This is an overview of how we architect native iOS/Android apps at TangoCode. Without going into the specifics of Cocoa or Java(Android) we’ll share some insights about our architecture process that are common or apply for both iOS and Android platforms.
Why does architecture matter?
According to the definition of Architecture by Wikipedia, architecture is the process of planning, designing, and constructing buildings. This is exactly what we do when we create software. We use our creativity to design our apps and put together all the pieces we need to make a product that is aesthetically pleasing. Since this post is about software architecture, the word “product” refers to the code we write and “aesthetically pleasing” means it has to be enjoyable for the developers who are either analysing, improving or scaling the codebase.
Let’s start from the beginning with the architecture that 100% of mobile developers have used at least once in their life, that’s right… it is MVC. This architecture has been around for a long time and it’s the default architecture that Xcode or Android Studio will put in place once you start a new project. The variation of MVC that we get when we create a native project works really well when you are doing your first steps in mobile development. It provides us with a guideline and an idea of where to put our code without worrying too much and going all over the place creating files and folders. BUT as we all know, software products tend to grow and once a mobile app under MVC starts growing our initial architecture turns into the infamous well known Massive View Controller architecture, where Controllers can have easily more than 500 lines of code, which doesn’t sound like clean code at all, right?
The reason why these Controllers become humongous is because the MVC architecture that our IDEs help us to put in place is a variation of the real MVC. In the Massive View Controller architecture, the controllers have too many responsibilities which goes against of the Single Responsibility Principle where software components focus only in one responsibility. Instead in MVC, controllers have to deal with all the configurations and interactions from the UI in addition to the business logic that we have to implement in our mobile apps.
It doesn’t take long to realise there is something with this MVC that doesn’t allow you to enjoy the code you write, especially if you are writing an application with a rich UI and a lot of business logic. This is why we started moving some code out of these huge controllers based on the Single Responsibility Principle. The idea here is to have the business logic in one place and everything related to the UI control (UIKit, android.view) in another. In MVP this place is the Presenter, where basically you will have all your business logic isolated from any UI framework or platform-specific libraries with just a reference to the view which is the one who is aware of all the UI elements that we have on the screen and has a reference to its presenter as well. Here the responsibility of the presenter is to update the View with the data and update the Model state after any user interaction. It’s like a mediator between the View and the Model.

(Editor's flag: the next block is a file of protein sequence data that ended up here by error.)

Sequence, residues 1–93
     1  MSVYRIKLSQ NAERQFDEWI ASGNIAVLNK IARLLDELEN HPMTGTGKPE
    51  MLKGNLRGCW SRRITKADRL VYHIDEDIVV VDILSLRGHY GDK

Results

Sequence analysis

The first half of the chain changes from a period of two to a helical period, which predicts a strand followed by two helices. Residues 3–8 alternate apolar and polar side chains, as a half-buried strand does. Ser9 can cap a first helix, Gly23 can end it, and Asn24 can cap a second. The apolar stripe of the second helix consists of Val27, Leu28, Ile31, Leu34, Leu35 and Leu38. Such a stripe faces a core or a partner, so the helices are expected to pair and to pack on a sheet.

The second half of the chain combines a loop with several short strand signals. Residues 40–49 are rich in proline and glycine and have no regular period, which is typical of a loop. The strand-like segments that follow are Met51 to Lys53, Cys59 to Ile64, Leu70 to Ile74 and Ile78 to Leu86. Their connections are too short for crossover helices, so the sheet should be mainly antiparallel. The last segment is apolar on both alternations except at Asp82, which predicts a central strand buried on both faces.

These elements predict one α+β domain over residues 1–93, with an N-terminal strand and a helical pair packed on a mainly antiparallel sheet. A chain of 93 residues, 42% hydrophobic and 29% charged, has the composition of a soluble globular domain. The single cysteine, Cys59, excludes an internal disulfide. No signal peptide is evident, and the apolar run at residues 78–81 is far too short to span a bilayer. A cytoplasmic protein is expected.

- This could be seen as the first step of breaking the MVC architecture and moving to a more code-distributed scheme. When we analysed MVP, we found it easy to understand and easy to adopt.
- It doesn’t require any extra framework/technique to bind the View with the Presenter. Basically, the presenter will never see the view as a UIViewController or Activity, it will only see a View and will know when it has to interact with it through an interface.
- One downside of this approach is the coupling between the View and Presenter, where they have to know each other. This coupling will be tackled with the MVVM architecture.
I mentioned there is a strong relationship between Presenter and View in MVP, where they have to know each other creating a coupling that could be avoided. With MVVM (Model-View-ViewModel) this relation goes away and responsibilities change. The view becomes more isolated and only reacts to user interactions and data updates coming from the ViewModel, this ViewModel replaces the presenter and it has to handle everything related to business logic without keeping any relationship with the view and handling only business logic related tasks.